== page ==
South32 has pulled out of plans to buy Helensburgh’s Metropolitan Colliery from Peabody after failing to obtain clearance from the country’s consumer watchdog.
The company revealed on Tuesday its proposed acquisition of the colliery and associated 16.67 per cent interest in the Port Kembla Coal Terminal, worth $200 million, would not proceed.
The Australian Competition and Consumer Commission (ACCC) was investigating South32’s planned purchase after concerns were raised about the impact of the deal on the coking coal market in the Illawarra.
The ACCC issued a statement of issues on February 23, concerned the proposed acquisition could substantially lessen competition in the supply of metallurgical coal to Australian steelmakers, including BlueScope Steel.
BlueScope had previously told the Mercury it was worried about potential price rises if South32 was allowed to buy the Metropolitan Colliery.
The steelmaker has detailed its concerns to the ACCC in recent months.
Coking, or metallurgical, coal is vital for steelmaking and BlueScope buys much of its coal from South32 and Peabody’s Illawarra mines.
In a statement to the Australian Stock Exchange (ASX) on Tuesday, South32 said it “has always maintained that metallurgical coal is a globally traded commodity”.
“Given this, South32 is not prepared to make significant concessions in favour of Australian steelmakers that would likely be required to mitigate the competition concerns,” the statement said.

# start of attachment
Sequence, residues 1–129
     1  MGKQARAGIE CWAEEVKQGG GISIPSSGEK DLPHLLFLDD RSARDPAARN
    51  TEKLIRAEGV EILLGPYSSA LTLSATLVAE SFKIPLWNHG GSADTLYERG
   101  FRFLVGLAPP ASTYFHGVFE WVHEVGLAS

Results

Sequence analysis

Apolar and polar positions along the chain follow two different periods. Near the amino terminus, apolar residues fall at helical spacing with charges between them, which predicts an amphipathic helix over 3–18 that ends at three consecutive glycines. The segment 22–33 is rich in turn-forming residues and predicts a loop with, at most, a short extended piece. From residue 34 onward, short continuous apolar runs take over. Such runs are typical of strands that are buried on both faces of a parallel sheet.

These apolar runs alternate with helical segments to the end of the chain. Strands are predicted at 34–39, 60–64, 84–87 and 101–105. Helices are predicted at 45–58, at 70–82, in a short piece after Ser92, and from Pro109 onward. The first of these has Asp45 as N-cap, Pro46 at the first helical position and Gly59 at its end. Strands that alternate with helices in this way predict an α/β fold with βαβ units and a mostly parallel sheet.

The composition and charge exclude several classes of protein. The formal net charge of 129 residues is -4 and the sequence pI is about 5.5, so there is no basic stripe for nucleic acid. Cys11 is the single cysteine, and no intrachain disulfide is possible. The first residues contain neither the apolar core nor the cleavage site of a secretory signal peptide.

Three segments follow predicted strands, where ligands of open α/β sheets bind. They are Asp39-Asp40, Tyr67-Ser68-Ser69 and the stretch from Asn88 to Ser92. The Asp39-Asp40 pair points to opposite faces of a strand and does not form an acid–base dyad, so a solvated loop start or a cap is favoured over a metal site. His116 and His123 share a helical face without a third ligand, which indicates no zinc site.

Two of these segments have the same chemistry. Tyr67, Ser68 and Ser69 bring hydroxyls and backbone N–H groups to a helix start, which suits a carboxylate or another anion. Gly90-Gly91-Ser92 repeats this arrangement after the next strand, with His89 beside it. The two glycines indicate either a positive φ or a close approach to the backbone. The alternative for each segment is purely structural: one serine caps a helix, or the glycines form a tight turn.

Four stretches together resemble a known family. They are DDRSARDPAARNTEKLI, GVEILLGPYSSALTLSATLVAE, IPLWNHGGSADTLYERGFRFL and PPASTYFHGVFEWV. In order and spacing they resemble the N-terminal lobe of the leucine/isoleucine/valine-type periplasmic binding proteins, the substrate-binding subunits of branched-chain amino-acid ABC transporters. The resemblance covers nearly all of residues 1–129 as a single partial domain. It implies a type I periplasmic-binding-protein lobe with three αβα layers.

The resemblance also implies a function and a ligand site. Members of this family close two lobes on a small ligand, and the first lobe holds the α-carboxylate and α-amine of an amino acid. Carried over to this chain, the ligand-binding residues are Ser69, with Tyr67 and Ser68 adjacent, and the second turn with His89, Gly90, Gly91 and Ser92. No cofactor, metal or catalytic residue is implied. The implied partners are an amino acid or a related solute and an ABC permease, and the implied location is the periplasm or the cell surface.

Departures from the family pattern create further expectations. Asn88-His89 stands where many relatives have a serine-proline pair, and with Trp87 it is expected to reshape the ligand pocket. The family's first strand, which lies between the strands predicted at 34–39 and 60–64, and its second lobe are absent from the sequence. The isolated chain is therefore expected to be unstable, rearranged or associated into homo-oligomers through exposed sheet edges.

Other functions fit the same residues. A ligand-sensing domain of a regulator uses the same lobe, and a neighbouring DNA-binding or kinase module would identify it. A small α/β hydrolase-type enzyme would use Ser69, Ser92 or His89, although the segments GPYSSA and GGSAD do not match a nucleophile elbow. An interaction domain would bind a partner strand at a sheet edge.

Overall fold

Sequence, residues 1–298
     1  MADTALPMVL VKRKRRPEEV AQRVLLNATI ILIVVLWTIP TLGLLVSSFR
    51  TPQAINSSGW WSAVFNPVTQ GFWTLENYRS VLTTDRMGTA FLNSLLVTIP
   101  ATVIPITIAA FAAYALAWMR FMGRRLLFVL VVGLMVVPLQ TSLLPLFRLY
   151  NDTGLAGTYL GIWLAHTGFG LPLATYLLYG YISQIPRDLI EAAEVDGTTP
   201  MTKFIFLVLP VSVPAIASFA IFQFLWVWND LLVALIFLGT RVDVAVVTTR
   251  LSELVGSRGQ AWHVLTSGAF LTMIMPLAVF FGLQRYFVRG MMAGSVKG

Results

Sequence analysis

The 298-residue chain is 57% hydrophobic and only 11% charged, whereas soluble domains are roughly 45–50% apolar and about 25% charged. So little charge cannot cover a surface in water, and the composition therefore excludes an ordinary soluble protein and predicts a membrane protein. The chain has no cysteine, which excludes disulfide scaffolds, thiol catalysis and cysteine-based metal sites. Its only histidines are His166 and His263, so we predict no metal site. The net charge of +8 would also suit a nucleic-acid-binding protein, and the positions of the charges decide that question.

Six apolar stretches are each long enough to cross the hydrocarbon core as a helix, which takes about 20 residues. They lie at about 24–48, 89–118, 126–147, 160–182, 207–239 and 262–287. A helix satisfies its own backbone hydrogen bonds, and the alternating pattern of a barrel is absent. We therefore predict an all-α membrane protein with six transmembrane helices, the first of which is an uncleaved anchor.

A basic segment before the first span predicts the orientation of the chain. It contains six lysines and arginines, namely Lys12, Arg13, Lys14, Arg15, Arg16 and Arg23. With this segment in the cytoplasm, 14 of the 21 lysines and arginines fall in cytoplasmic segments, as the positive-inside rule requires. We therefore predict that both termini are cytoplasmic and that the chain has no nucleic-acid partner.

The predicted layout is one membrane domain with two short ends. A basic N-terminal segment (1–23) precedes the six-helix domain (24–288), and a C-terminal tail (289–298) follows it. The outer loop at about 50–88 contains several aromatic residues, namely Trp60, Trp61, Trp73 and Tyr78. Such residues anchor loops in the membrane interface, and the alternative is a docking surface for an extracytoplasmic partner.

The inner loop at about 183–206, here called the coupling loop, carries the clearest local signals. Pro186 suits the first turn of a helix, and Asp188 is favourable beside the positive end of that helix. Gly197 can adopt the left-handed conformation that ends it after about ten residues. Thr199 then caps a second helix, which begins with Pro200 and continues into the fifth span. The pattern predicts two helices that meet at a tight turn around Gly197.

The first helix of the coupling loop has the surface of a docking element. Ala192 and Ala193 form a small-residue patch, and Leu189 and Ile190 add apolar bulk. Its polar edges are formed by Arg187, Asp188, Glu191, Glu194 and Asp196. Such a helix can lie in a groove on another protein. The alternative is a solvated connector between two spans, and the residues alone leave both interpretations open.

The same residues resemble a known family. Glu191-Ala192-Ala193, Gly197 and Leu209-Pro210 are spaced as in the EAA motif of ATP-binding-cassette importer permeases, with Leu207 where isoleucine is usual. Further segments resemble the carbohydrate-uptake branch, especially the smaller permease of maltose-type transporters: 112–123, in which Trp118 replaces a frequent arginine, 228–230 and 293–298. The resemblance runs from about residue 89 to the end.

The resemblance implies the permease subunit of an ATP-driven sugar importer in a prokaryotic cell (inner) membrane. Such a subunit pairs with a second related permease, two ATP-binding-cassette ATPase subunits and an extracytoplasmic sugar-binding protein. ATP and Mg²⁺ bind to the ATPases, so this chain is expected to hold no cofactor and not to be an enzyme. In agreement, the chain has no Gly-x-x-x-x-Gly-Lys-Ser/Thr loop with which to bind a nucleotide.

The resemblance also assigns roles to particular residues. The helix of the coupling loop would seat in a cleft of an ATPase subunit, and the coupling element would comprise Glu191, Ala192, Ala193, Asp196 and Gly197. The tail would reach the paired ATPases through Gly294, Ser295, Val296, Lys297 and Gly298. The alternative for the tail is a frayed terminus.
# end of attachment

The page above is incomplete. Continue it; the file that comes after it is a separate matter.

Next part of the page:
“To do so would be contrary to the global market in which metallurgical coal producers compete and would adversely affect the value proposition of the acquisition.”
South32 chief executive Graham Kerr said the company's approach to acquisitions was “always opportunistic and seen through the lens of creating value for our shareholders”.
“To proceed with the acquisition, in light of the anticipated concessions, would have compromised the merits of the transaction and this is not something we are prepared to do,” Mr Kerr said.
South32 and Metropolitan are two of the largest producers of coking coal in the Illawarra and the two largest suppliers of coking coal to Australian steelmakers.
Peabody president and chief executive Glenn Kellow said: “We are surprised that South32 and the ACCC reached an impasse, given both the physical synergies and the global nature of the metallurgical coal markets”.
“On the other hand, we see continuing opportunities given Metropolitan's quality coking coals and port location, and our objective will be to operate the mine while maximizing returns in the international marketplace.”
The Metropolitan Colliery, which exports coal from Port Kembla, sold two million tonnes of hard coking coal in 2016.
The mine employs about 250 employees and contractors
In a statement, Peabody indicated the termination of the transaction “has no effect on operations”.